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CFPB Director Cordray remains unconfirmed three months after appointment

Richard Cordray

Richard Cordray

More than three months have passed since President Obama re-nominated CFPB Director Richard Cordray to head the agency, but debate surrounding his appointment to the position continues in Congress.

The Senate has not yet confirmed Cordray to lead the agency following a court ruling earlier this year that found President Obama’s installation of Cordray to the position to be unconstitutional.

Rep. Jeb Hensarling (R-Texas), the head of the House Financial Services Committee, recently said the committee would refuse to hear Cordray’s testimony on the CFPB’s semi-annual report because it cannot legally do so.

“The court’s unanimous ruling makes it clear that there is no legally-appointed director of the CFPB at this time,” Hensarling said. “By law, the committee can receive this testimony only from a director who is appointed in accordance with the Constitution and the Dodd-Frank Act, which created the bureau.”

In a letter to CFPB Associate Director and General Counsel Meredith Fuchs, Hensarling said the committee “stands ready to accept the testimony of the director of the CFPB…as soon as an individual validly holds this position.”

Cordray, however, appeared on Tuesday before the Senate Banking Committee to present the CFPB’s semi-annual report.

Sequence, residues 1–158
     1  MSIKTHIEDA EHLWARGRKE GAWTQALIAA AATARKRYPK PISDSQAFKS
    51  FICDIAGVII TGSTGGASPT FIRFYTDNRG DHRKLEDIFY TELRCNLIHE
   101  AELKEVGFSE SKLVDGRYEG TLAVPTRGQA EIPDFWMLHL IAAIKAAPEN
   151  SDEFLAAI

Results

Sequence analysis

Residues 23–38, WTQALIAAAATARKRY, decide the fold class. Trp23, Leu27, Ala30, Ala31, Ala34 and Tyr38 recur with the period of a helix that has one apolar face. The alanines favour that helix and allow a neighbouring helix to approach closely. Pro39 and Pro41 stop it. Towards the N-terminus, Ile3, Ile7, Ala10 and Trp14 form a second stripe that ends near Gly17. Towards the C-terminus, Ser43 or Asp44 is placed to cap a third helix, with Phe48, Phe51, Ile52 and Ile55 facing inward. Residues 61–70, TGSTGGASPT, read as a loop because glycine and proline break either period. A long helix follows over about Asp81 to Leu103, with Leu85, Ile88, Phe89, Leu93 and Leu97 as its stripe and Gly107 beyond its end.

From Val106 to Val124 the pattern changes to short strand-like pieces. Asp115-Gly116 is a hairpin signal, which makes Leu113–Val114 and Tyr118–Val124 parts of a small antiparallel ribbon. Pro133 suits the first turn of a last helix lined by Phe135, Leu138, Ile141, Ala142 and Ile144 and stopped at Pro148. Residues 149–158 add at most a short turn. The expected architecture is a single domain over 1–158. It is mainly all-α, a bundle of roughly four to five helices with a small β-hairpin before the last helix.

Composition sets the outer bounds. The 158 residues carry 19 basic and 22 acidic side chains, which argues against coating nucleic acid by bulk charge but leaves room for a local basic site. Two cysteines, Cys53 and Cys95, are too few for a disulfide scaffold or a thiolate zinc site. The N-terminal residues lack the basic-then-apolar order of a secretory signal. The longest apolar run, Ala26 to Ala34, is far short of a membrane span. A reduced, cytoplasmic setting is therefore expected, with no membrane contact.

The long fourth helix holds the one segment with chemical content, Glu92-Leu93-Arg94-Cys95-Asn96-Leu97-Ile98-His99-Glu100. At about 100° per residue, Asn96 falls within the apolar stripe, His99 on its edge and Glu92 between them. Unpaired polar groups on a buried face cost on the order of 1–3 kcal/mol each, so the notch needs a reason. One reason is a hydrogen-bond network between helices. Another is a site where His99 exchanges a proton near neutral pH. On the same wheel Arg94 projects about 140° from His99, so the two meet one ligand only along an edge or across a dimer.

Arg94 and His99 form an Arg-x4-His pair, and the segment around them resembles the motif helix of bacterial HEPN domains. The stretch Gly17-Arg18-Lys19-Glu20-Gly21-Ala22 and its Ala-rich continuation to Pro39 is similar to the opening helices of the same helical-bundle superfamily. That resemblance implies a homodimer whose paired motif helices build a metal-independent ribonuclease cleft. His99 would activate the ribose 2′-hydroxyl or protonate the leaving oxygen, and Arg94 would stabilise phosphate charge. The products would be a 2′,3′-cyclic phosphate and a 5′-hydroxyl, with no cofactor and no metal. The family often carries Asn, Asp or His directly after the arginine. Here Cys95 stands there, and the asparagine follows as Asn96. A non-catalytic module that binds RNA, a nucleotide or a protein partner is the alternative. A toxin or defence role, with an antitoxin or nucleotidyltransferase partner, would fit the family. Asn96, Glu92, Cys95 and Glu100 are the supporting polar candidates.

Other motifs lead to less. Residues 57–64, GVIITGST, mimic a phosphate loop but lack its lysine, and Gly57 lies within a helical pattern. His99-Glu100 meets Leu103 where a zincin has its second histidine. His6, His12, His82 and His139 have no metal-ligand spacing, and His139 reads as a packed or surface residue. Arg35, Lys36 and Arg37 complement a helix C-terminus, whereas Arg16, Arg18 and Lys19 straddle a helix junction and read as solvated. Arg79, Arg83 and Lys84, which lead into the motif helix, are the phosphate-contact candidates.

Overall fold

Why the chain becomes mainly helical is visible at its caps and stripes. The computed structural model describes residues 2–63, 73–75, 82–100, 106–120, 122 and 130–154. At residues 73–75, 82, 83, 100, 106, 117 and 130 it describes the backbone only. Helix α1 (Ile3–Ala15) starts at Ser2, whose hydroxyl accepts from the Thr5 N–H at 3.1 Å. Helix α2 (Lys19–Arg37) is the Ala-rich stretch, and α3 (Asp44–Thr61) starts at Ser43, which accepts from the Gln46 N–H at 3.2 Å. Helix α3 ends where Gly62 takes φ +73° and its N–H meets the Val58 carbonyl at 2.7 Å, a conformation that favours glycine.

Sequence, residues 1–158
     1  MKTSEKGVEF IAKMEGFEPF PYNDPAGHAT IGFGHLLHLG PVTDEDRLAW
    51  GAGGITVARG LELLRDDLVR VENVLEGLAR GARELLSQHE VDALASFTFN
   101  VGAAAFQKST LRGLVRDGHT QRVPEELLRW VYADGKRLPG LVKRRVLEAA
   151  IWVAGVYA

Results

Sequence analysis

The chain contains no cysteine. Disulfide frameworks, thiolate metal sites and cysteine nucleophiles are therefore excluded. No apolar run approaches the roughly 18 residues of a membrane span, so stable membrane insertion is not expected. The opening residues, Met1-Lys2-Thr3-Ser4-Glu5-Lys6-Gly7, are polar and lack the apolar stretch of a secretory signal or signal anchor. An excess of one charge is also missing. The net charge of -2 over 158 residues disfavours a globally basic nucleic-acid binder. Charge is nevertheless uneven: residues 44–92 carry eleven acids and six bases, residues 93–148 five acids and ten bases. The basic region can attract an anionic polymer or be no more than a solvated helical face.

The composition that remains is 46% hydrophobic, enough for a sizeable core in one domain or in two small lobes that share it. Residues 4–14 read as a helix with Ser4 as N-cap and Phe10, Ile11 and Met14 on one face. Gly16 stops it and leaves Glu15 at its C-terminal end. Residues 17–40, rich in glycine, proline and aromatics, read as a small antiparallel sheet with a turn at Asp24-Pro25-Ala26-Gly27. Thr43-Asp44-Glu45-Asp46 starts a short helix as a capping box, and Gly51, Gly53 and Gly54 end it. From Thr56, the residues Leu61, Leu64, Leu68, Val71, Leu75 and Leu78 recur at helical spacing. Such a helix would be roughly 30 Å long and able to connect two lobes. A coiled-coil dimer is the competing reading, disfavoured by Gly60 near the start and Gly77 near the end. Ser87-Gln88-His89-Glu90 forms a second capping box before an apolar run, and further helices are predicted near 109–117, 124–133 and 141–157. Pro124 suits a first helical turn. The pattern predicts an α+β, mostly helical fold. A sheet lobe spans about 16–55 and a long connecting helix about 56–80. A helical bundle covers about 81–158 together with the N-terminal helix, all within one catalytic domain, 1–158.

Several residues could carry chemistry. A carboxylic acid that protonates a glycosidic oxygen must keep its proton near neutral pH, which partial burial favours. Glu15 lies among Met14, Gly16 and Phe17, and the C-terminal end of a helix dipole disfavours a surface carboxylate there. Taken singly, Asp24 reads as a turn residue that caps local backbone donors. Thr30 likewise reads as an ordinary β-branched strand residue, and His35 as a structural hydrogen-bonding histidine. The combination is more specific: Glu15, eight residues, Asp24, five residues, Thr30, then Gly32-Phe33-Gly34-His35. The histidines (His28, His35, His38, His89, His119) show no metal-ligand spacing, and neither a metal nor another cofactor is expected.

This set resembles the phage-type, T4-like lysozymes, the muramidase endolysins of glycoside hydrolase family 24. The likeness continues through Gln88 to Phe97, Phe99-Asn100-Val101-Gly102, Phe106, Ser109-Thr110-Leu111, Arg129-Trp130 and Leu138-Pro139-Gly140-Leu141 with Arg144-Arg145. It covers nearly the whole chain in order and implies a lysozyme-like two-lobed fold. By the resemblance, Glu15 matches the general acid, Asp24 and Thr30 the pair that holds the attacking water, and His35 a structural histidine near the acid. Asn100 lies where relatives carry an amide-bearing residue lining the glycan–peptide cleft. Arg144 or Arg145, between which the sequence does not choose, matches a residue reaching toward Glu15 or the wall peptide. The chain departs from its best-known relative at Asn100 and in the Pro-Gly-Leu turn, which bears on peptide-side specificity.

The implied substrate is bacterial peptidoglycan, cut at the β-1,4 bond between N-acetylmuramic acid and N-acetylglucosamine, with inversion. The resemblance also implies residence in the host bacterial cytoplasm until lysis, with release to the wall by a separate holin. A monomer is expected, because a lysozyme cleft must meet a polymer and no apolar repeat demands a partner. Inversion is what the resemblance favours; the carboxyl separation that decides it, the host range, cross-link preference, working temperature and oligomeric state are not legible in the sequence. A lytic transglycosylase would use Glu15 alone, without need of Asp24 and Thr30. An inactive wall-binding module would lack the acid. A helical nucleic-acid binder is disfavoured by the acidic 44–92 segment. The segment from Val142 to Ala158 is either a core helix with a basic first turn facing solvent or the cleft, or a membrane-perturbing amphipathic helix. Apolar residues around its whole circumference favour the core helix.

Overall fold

Sen. Tim Johnson (D-S.D.), the chairman of the Senate Banking Committee, praised the agency’s progress in implementing consumer protections and its outreach efforts with consumers and industry participants. Johnson also advocated for Cordray’s rapid confirmation.

“Director Cordray, you have proven day-in and day-out that you are well qualified for your position,” Johnson said. “Even my colleagues across the aisle concede this point. I hope we can provide the market the certainty it needs and consumers the cop on the beat they deserve by confirming you quickly.”

Congressional Republicans have vowed to block Cordray’s confirmation until key changes are made to the agency, which many maintain has over-expansive power. Some of the requested changes include the replacement of Cordray with a five-member, bipartisan commission and the placement of the agency’s budget under the congressional appropriations process.

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